Connectivity-based parcellation reveals interhemispheric differences in the insula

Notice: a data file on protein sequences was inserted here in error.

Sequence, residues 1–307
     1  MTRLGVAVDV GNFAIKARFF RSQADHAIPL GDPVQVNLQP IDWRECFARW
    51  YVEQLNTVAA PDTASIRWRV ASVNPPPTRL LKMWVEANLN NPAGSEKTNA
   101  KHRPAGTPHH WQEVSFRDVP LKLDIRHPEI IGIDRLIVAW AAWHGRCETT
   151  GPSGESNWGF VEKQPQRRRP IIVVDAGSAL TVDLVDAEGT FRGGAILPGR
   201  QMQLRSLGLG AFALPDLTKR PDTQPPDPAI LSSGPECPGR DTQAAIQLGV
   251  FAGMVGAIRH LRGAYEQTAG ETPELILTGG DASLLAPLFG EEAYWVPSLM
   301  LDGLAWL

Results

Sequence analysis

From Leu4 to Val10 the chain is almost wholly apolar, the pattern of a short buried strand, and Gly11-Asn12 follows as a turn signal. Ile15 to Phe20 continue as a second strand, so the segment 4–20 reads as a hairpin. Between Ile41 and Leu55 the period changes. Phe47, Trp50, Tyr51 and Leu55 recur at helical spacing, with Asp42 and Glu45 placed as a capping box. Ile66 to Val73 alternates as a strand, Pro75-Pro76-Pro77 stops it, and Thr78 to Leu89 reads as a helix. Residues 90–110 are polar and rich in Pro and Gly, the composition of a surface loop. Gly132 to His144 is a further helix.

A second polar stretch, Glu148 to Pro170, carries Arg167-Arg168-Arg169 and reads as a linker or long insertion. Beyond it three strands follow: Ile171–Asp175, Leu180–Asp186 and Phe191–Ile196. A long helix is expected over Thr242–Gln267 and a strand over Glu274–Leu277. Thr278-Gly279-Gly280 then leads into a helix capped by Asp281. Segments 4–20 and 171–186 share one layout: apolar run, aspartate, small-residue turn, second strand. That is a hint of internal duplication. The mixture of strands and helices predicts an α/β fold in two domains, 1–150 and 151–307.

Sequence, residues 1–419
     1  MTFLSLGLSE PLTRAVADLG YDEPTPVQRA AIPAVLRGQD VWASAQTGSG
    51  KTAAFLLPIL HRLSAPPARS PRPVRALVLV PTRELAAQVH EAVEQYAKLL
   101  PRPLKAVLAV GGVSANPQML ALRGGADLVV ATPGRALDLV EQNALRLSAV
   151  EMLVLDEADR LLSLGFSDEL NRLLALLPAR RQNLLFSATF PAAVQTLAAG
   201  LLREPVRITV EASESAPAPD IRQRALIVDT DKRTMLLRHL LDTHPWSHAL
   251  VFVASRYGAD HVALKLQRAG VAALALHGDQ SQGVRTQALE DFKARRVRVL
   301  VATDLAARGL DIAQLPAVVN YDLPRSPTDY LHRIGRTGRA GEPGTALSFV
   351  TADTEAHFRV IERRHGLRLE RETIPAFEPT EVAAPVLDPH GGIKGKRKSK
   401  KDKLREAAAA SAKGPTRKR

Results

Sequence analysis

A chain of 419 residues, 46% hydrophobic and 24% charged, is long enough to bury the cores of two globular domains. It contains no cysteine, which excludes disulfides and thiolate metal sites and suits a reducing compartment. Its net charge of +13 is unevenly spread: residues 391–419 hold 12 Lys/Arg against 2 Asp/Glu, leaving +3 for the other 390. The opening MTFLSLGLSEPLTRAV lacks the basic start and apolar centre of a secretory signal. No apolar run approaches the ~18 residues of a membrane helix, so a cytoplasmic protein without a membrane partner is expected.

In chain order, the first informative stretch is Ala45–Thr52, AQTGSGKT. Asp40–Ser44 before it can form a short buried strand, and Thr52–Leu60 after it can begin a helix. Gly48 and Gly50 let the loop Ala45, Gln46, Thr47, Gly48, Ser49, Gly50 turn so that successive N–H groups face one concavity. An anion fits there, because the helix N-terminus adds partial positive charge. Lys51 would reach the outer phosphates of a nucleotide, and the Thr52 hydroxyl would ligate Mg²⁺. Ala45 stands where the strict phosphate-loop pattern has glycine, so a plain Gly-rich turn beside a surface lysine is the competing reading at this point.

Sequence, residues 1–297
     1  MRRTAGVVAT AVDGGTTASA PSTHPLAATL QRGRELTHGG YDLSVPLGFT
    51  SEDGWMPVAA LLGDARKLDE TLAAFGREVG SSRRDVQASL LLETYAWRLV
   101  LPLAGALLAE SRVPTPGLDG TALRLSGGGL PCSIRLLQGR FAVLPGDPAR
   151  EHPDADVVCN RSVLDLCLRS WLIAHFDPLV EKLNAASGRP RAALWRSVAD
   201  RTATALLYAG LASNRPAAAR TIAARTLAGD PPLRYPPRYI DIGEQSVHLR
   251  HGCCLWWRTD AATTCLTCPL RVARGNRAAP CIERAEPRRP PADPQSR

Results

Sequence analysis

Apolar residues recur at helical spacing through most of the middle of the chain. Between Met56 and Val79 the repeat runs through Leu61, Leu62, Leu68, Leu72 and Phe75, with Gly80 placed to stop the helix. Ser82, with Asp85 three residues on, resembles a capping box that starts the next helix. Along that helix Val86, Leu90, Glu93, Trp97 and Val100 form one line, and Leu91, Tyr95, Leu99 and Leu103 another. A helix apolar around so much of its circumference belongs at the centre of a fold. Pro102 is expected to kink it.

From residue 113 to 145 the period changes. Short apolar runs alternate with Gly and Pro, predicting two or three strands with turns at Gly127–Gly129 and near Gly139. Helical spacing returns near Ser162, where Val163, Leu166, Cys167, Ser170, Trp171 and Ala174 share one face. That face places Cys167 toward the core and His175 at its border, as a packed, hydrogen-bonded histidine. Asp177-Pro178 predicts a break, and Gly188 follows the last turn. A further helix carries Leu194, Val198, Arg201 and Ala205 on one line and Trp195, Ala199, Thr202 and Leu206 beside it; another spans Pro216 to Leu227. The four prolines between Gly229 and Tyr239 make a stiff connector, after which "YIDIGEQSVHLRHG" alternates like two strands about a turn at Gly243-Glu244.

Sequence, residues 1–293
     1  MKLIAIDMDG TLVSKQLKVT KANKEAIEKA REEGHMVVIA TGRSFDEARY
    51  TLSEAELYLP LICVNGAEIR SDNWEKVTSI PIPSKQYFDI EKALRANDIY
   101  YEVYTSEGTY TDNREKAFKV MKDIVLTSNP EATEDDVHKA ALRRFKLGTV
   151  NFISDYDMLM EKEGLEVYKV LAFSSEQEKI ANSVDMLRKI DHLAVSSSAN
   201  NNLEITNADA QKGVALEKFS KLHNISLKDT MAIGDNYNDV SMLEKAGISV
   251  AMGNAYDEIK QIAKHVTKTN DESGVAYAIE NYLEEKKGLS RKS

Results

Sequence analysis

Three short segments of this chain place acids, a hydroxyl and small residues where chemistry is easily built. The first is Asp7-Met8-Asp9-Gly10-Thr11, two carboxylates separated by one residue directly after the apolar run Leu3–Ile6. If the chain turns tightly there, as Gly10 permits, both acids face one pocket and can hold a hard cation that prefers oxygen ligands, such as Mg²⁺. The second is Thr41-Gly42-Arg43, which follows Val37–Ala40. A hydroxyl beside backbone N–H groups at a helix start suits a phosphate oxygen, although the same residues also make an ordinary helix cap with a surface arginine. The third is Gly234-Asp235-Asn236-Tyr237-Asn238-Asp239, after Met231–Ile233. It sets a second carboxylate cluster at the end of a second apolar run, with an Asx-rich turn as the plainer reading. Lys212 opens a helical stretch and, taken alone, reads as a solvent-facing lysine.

The aim of this work was to use probabilistic diffusion tractography to examine the organization of the human insular cortex based on the similarities of its remote projections. Forty right-handed healthy subjects (33.8 ± 12.7 years old) with no history of neurological injury were included in the study. After the spatial standardization of diffusion tensor images, insular cortical masks were delineated based on the Harvard–Oxford Cortical Atlas and were used to initiate fibertracking. Cluster analysis by the k-means algorithm was employed to partition the insular voxels into two groups that featured the most distinct distribution of connections. In order to perform volumetric comparisons, the assigned label maps were transformed back to space of the subjects’ native anatomical MR images. The outlines of the change in connectivity profile did not respect the known cytoarchitectural subdivisions and were shown to be independent from the gyral anatomy. Interhemispheric asymmetry in the volumes of connectivity-based subdivisions was observed putatively marking a leftward functional dominance of the anterior insula and its reciprocally interconnected targets which influences the size of insular area where similar connections are represented. The fractional anisotropy values were not significantly different between the hemipsheres or connectivity-based clusters; however, the mean diffusivity was higher in the anterior insula in both hemispheres.